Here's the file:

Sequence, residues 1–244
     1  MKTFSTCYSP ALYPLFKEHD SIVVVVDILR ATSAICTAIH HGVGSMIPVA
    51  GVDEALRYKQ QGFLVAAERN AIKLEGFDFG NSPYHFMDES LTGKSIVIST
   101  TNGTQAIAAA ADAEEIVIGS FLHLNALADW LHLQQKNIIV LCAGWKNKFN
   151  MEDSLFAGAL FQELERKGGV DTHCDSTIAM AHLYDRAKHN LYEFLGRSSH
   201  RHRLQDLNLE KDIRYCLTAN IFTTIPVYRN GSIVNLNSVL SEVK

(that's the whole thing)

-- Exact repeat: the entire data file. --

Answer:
Sequence, residues 1–244
     1  MKTFSTCYSP ALYPLFKEHD SIVVVVDILR ATSAICTAIH HGVGSMIPVA
    51  GVDEALRYKQ QGFLVAAERN AIKLEGFDFG NSPYHFMDES LTGKSIVIST
   101  TNGTQAIAAA ADAEEIVIGS FLHLNALADW LHLQQKNIIV LCAGWKNKFN
   151  MEDSLFAGAL FQELERKGGV DTHCDSTIAM AHLYDRAKHN LYEFLGRSSH
   201  RHRLQDLNLE KDIRYCLTAN IFTTIPVYRN GSIVNLNSVL SEVK